ISS-HK denies it has a policy of moving people into slum conditions. Its migrants' programme director, Adrielle Panares, said the payment of rent to landlords was only sanctioned after case workers who inspected a site approved the living conditions as being fit for purpose.

It is unclear who owns the Tuen Mun site. The landlord's identity in Land Registry documents differs from that on documents shown to the Sunday Morning Post by asylum seekers.

Panares said: "If there is anything about the site that could pose a danger to asylum seekers then it needs to be brought to our attention. It's possible the initial visits didn't show a problem. My social workers are not perfect but they are professional. If they have missed out on one thing, asylum seekers should be pushing for change."

However, asylum seekers said they feared speaking up about their conditions because of threats they allege were made by ISS staff, a claim Panares denies.

"Messi", a political refugee from West Africa, claims the ISS forced him to live in the Tuen Mun site after his case worker introduced him to it.

"This area is dehumanising, degrading. It is not fit for a human to live in," he said.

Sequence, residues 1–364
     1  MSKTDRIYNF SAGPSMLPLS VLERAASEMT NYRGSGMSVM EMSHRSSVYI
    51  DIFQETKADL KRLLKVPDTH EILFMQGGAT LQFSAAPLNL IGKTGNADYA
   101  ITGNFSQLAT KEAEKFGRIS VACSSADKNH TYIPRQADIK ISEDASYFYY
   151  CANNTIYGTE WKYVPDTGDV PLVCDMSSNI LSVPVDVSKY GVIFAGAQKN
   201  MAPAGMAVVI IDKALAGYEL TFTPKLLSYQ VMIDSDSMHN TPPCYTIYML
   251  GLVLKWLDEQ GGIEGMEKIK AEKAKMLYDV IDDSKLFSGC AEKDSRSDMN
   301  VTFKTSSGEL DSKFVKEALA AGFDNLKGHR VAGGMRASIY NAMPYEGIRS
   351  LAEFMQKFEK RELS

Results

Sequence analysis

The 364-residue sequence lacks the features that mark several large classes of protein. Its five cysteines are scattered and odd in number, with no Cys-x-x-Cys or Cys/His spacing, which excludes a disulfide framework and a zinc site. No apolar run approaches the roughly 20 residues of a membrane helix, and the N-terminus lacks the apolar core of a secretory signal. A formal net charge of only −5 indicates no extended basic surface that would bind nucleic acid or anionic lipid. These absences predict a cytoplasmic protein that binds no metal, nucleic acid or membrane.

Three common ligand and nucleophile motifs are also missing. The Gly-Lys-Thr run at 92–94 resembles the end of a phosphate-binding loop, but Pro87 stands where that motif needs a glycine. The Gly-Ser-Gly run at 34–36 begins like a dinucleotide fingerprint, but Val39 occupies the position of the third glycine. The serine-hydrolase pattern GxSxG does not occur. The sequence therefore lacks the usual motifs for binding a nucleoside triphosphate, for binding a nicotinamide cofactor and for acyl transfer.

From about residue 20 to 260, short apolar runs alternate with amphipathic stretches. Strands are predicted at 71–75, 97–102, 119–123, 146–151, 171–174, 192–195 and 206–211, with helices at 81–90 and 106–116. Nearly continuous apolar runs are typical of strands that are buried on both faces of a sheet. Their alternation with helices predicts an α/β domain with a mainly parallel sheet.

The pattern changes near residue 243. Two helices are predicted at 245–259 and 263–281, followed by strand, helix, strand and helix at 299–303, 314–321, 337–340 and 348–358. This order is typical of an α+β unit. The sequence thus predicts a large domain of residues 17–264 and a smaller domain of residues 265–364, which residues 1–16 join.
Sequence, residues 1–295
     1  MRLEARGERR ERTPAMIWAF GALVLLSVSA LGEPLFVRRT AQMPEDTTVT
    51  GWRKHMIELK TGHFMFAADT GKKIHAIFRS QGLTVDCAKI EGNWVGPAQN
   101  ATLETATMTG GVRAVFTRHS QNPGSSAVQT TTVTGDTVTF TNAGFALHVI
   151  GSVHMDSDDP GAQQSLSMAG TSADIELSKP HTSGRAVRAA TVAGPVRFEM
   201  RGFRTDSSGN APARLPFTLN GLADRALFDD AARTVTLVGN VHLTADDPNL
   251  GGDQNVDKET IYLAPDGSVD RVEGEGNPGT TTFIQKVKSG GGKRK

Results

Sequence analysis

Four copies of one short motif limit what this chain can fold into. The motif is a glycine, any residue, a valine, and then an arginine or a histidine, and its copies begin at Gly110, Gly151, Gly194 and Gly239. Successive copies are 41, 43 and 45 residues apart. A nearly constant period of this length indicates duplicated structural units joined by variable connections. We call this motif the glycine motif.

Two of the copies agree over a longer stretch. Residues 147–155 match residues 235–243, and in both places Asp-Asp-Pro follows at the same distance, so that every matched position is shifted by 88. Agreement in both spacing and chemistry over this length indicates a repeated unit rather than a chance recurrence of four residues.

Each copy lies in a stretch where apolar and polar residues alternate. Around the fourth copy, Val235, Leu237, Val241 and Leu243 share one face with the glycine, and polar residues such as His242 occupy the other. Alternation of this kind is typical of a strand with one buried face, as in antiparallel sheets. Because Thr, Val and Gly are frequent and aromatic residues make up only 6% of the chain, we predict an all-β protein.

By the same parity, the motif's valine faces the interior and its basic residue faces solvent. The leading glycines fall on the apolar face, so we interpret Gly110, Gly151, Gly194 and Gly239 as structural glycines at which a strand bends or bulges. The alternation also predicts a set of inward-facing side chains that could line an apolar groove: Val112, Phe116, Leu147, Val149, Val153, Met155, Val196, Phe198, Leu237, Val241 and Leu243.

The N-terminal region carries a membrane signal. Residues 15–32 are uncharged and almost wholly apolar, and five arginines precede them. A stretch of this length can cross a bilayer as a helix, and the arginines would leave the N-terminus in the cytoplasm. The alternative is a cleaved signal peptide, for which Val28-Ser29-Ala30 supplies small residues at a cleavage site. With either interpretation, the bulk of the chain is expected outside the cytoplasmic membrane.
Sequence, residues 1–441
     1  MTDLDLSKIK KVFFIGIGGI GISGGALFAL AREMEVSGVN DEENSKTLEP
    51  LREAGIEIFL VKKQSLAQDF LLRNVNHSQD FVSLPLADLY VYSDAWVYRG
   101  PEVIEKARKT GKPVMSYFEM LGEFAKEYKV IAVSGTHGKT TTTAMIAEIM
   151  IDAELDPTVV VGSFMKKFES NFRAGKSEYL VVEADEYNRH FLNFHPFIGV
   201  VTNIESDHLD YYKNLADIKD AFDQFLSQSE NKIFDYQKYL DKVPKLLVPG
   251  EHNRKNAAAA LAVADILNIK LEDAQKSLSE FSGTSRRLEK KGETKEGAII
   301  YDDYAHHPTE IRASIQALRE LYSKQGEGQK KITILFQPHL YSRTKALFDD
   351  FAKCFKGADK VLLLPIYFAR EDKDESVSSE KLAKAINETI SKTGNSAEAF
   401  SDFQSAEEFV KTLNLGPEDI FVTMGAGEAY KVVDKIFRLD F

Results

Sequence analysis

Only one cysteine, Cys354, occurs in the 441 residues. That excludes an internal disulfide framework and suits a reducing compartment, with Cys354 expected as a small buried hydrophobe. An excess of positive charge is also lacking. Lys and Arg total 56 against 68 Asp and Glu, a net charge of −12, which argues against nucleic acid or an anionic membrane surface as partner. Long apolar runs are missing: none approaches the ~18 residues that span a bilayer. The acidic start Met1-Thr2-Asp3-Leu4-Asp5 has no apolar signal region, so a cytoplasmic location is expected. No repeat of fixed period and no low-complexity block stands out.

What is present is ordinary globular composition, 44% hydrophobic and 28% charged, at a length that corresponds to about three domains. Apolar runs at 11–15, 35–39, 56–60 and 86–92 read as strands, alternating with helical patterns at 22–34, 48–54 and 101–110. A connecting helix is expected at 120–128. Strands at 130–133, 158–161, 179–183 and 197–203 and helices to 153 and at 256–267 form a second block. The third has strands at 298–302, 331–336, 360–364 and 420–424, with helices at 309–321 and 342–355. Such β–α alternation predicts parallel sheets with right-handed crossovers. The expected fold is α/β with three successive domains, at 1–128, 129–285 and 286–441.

The ISS said one of its employees showed Messi what it could offer on a site visit, but said in a case note on June 3 it did not think it was suitable to live in.

Vision First executive director Cosmo Beatson said: "This [is] ISS slum policy … enough is enough, we need this practice to stop.''

The Lands Department confirmed the land, managed under a block government lease, was marked for agricultural use only and Chow Siu-ngor, an independent real estate lawyer from King & Wood Mallesons, said use of such land for housing was illegal.

ISS-HK chief executive Stephen Yau How-boa, a member of the Central Policy Unit during the Donald Tsang Yam-kuen administration and a veteran of a host of government advisory bodies, was not available for comment.

The government said 4,700 people were receiving assistance from ISS-HK, of whom 3,300 were being housed by the group.

The HK$203 million paid to ISS is intended to cover asylum seekers' rental assistance, a pack of groceries every 10 days and other basic necessities. However, they get no physical access to the cash and are not allowed to work.


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This article is now closed to comments

The landlords are making a lot of money out of this, over HK$4million per month (3,300 being housed by ISS x HK$1,300), over HK$50 million per year.
The refugee don't get to see the cash; but effectively each one is left with around HK$3,900 per month from the HK$203 million doled out to ISS-HK after deducting the HK$1,200 borned out by ISS-HK for the rent.